Caixin
Jul 24, 2018 06:29 PM
ENVIRONMENT

Ecology Ministry More Than Doubles Number of Cities in Air Quality Ranking

Clear skies greet tourists visiting the Summer Palace in Beijing on June 27. Photo: VCG
Clear skies greet tourists visiting the Summer Palace in Beijing on June 27. Photo: VCG

China’s environmental watchdog has more than doubled the number of cities in its monthly air quality ranking in a bid to pressure authorities to clean up pollution in their respective areas.

The Ministry of Ecology and Environment said Monday that it will now rate air quality in 169 Chinese cities each month, up from the previous total of 74. It will also highlight the 20 cities with the cleanest air and the 20 cities with the worst air pollution every month, up from the 10 best and worst it published before, the ministry said.

“The ranking of air quality in more cities will be used as a mechanism to pressure local governments to improve the air,” the ministry said in a question-and-answer document published on its website. “It can help push them to play a more-active role in fighting air pollution via close collaboration with each other.”

Cities located on the Fenwei plain in the northern provinces of Shanxi and Shaanxi, in Henan province in central China, in the Sichuan-Chongqing region in the southwest, and in the middle reaches of the Yangtze River were added to the expanded rankings.

The ministry began to rank air quality in 74 cities in January 2013, also publishing the 10 cities with the best air and the 10 with the worst pollution as part of a clean-air campaign that ran through the end of last year.

Hebei province, several of whose cities have ben featured regularly in the top 10 most polluted, has stepped up its effort to clamp down on businesses that fail to meet environmental requirements.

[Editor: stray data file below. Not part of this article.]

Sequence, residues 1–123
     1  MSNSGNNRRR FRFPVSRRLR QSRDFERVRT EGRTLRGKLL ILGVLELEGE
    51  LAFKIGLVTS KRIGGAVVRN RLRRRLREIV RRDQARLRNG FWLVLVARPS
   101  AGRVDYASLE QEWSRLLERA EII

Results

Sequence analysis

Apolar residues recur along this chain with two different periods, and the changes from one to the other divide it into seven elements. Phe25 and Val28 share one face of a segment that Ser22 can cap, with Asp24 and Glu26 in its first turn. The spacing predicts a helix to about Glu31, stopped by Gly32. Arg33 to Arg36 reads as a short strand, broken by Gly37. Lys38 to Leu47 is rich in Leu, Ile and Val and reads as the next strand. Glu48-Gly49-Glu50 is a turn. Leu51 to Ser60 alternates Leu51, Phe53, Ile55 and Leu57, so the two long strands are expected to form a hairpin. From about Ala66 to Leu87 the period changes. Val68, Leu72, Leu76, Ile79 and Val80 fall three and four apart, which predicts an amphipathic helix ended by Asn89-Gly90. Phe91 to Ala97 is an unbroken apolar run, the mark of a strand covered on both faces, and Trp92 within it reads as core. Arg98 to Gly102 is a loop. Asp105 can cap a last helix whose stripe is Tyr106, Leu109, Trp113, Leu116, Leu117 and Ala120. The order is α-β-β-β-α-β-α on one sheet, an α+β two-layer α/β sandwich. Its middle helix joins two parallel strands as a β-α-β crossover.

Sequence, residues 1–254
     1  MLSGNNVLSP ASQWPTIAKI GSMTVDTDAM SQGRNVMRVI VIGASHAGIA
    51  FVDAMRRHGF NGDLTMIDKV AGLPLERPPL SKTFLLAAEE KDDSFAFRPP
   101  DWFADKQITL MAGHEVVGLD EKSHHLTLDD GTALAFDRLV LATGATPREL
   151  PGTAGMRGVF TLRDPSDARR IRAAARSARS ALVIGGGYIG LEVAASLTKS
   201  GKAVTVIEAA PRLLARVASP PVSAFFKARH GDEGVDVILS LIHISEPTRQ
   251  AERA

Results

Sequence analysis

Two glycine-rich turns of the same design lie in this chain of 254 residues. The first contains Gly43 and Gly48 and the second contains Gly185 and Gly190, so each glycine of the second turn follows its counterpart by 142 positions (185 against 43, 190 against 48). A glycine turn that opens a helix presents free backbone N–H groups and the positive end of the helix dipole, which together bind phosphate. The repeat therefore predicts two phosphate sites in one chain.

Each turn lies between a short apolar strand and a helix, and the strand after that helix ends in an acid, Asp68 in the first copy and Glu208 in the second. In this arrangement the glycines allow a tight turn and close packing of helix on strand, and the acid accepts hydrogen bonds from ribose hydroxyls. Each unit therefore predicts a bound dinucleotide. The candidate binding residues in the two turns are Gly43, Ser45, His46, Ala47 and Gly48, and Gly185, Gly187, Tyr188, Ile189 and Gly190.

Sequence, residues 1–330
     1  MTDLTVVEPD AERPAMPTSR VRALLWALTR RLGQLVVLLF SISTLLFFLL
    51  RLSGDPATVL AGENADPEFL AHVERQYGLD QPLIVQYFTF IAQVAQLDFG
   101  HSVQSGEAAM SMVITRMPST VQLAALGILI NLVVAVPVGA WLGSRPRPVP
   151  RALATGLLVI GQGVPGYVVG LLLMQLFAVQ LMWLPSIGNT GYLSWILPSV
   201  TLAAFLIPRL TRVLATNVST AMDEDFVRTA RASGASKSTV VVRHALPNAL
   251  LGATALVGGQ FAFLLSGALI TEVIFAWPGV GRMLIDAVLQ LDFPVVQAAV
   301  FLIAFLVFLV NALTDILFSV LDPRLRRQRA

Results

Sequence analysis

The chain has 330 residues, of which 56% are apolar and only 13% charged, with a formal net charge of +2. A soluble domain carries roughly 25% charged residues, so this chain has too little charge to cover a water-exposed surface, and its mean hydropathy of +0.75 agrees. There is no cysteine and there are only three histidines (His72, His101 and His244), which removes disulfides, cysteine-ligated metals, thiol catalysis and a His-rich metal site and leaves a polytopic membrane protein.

To reduce pollution, authorities in Hebei and several neighboring northern regions have pushed homes and schools to switch from coal to cleaner natural gas and electricity for cooking and winter heating.

However, the move has stoked controversy due to poor planning. Thousands of residents in northern China were left without heat last winter after officials ordered coal-fired stoves to be dismantled before new gas-powered heaters had been installed.

To maintain the momentum to clean up the air, the State Council, the country’s cabinet, late last month launched a new campaign for the period from 2018 to 2020 to fight air pollution in northern cities.

The new plan requires that these areas cut the number of days with heavily or seriously polluted air by a quarter from the number of such days in 2015, according to a notice released by the council on June 27.

The air is deemed “heavily polluted” when the air quality index (AQI), a weighted average of six key pollutants, including PM2.5, is between 200 and 300, and is “seriously polluted” when the AQI exceeds 300.

The concentration of PM2.5 particulates — the smallest and so most dangerous pollution particles — fell by 8.3% to 44 micrograms per cubic meter in the first half of the year in the 338 cities monitored, the ministry said. However, it remains above the 35-micrograms-per-cubic-meter level it has targeted.

Contact reporter Li Rongde (rongdeli@caixin.com)

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